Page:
Stories tagged Science links

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Frozen baby mammoth: This image shows a frozen baby mammoth, on display at the Field Museum in Chicago, found several years ago by the same research team.
Frozen baby mammoth: This image shows a frozen baby mammoth, on display at the Field Museum in Chicago, found several years ago by the same research team.Courtesy Matt Howry
On a remote Arctic island of northern Russia, researchers have found another fully frozen mammoth. And this discovery comes with an added bonus. The specimen has liquid blood. It's the biggest breakthrough for potentially collecting viable mammoth DNA to conduct cloning experiments to try to recreate the long-extinct pachyderms. The link above also has a nice gallery of photos showing this discovery and a vial of actual liquid mammoth blood. And here's a link to a previous Buzz post of discovering frozen mammoths, the potential for cloning them and the ethics of doing so.

Dead Sea Scrolls: Little scraps of the Dead Sea Scrolls are now being sold, creating new controversies in the Middle East.
Dead Sea Scrolls: Little scraps of the Dead Sea Scrolls are now being sold, creating new controversies in the Middle East.Courtesy unknown
Several years ago the Science Museum of Minnesota hosting a very popular exhibit of the Dead Sea Scrolls. The scrolls are back in the news again with recent developments of scroll scraps now being up for sale on the open market. Most of these pieces are smaller than a postage stamp and contain no writing of the ancient Hebrew texts.

Here's a link to our Science Buzz pages exploring the current science being used to learn more about the Dead Sea Scrolls.

Work with bulldozers and backhoes to collect materials for a road building project has destroyed an ancient Maya pyramid in Belize. You can read all the details here. And then you can wipe away your tears.

Mountain climbing is dangerous. Mountain climbing on a volcanic mountain is extra dangerous. A team of mountain climbers in the Philippines found that out today, five with very tragic results.

Nabbing terrorists: Robotics experts are analyzing how automated devices played a part in apprehending the Boston Marathon bombers.
Nabbing terrorists: Robotics experts are analyzing how automated devices played a part in apprehending the Boston Marathon bombers.Courtesy Mashable
Law enforcement authorities aren't giving out specific information, but robotic experts are chiming in with their thoughts on how robots played a role in capturing the Boston Marathon bombers. Here's a pretty interesting online article theorizing the use of robots in the case. The link includes a video that shows how these robots do their jobs. While TV reports Friday night said that a robotic arm was used to pull the tarp off the boat where the second suspect was hiding, those reports, have now been called incorrect.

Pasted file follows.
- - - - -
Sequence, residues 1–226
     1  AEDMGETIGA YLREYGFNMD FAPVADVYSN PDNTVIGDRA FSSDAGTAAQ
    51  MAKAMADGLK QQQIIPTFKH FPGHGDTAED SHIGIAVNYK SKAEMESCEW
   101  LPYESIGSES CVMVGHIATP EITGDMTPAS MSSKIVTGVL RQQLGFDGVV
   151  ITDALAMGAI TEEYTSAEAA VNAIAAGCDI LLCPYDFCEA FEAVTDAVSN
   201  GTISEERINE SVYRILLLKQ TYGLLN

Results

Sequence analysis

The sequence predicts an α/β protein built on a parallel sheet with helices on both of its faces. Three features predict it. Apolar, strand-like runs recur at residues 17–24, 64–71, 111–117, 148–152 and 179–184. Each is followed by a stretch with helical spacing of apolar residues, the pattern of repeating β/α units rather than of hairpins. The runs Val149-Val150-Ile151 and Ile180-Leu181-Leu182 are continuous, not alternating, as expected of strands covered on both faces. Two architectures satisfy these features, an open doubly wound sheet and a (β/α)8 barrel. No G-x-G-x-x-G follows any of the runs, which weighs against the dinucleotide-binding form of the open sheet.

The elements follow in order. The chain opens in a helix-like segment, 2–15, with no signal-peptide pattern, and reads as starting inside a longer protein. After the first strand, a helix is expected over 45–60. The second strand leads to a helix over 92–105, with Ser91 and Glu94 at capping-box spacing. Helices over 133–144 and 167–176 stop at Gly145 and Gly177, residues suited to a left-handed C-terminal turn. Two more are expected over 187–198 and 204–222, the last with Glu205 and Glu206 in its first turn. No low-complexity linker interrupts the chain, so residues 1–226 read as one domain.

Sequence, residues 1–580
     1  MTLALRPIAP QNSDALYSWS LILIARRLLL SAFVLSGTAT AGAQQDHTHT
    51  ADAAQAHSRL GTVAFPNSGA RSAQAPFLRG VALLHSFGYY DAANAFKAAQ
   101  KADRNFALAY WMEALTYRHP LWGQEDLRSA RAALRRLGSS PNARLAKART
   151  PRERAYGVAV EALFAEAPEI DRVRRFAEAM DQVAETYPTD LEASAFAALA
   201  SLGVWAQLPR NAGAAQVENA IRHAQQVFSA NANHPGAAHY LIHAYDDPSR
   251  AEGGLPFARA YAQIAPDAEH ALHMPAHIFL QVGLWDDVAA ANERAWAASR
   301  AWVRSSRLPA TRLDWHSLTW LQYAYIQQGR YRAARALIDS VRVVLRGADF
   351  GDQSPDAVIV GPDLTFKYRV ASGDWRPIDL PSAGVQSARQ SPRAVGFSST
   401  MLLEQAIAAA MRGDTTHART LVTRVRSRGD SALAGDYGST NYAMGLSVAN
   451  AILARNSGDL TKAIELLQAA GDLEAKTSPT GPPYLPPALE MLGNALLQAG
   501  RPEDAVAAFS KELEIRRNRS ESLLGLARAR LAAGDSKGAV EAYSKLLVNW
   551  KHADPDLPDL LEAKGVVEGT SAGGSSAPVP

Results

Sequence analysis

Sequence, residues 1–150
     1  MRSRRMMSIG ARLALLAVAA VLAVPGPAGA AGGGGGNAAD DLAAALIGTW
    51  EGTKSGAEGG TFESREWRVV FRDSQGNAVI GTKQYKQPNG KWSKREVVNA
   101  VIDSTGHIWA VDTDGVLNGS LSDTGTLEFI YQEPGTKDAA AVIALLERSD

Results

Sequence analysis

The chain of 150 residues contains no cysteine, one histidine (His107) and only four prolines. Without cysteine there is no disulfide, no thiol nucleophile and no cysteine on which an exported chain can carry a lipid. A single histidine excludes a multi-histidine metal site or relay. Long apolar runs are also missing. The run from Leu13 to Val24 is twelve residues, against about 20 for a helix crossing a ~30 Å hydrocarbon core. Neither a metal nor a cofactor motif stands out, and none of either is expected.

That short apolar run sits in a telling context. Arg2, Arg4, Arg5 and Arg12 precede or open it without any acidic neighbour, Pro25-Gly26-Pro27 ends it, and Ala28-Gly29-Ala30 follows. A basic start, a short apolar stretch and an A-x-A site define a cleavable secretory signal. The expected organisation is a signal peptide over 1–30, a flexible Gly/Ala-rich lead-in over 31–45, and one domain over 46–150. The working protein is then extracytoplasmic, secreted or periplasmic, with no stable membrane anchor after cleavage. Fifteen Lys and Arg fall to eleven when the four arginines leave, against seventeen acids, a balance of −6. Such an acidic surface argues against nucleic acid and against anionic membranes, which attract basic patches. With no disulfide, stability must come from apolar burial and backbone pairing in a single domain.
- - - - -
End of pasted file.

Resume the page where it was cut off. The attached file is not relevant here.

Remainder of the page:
What do you think about using robots to handle dangerous tasks involving terrorism and crime?

When yesterday's bombs went off at at the Boston Marathon, chaos erupted. Runners were still scattered about the 26-mile course. But technology was able to keep track of where they all were. You can read about it all here.

To bee or not to bee: honeybee populations keep dropping: Numerous factors are causing honeybee numbers to drop around the country.
To bee or not to bee: honeybee populations keep dropping: Numerous factors are causing honeybee numbers to drop around the country.Courtesy CC/Flickr/dni777
We've posted about this grouwin problem numerous times before, but the trend continues downward for honeybee populations. This recap of the problem looks at the situation from Minnesota and national angles. It also addresses the complex causes of this serious situation. Here's an older post on the bee problem.

A few days of sunshine have really started to melt our snow here in the Twin Cities. But looking at the Mississippi River, you can hardly tell. In fact, the river levels at the official St. Paul monitoring location dipped down the past few days before turning back up. The next flood forecast is due out tomorrow. About a month ago, forecasters estimated at 95 percent chance of the river topping flood stage. Click here to see a graph of the past week's water levels in St. Paul.

The strange scientific news coming out of Florida – sink holes, giant pythons just to name two – continues with this report of another round of hatchings of giant mosquitoes. The bugs are the size of a quarter, 20 times the size of most mosquitoes, and pack a stinging bite. Oh, and they're resistant to most bug sprays!!!

Twin Cities weather guru Paul Douglas will be leading a panel discussion tomorrow night at the Walker Art Center on new approaches to raising public awareness on climate change. The event is tied to the opening of a new climate change-themed show called This Clement World. The free session starts at 7 p.m. at the Walker and among the panelists is Science Buzz blogger and SMM Director of Global Change Initiatives Patrick Hamilton. City Pages has an interview with Douglas about this new approach to climate change education.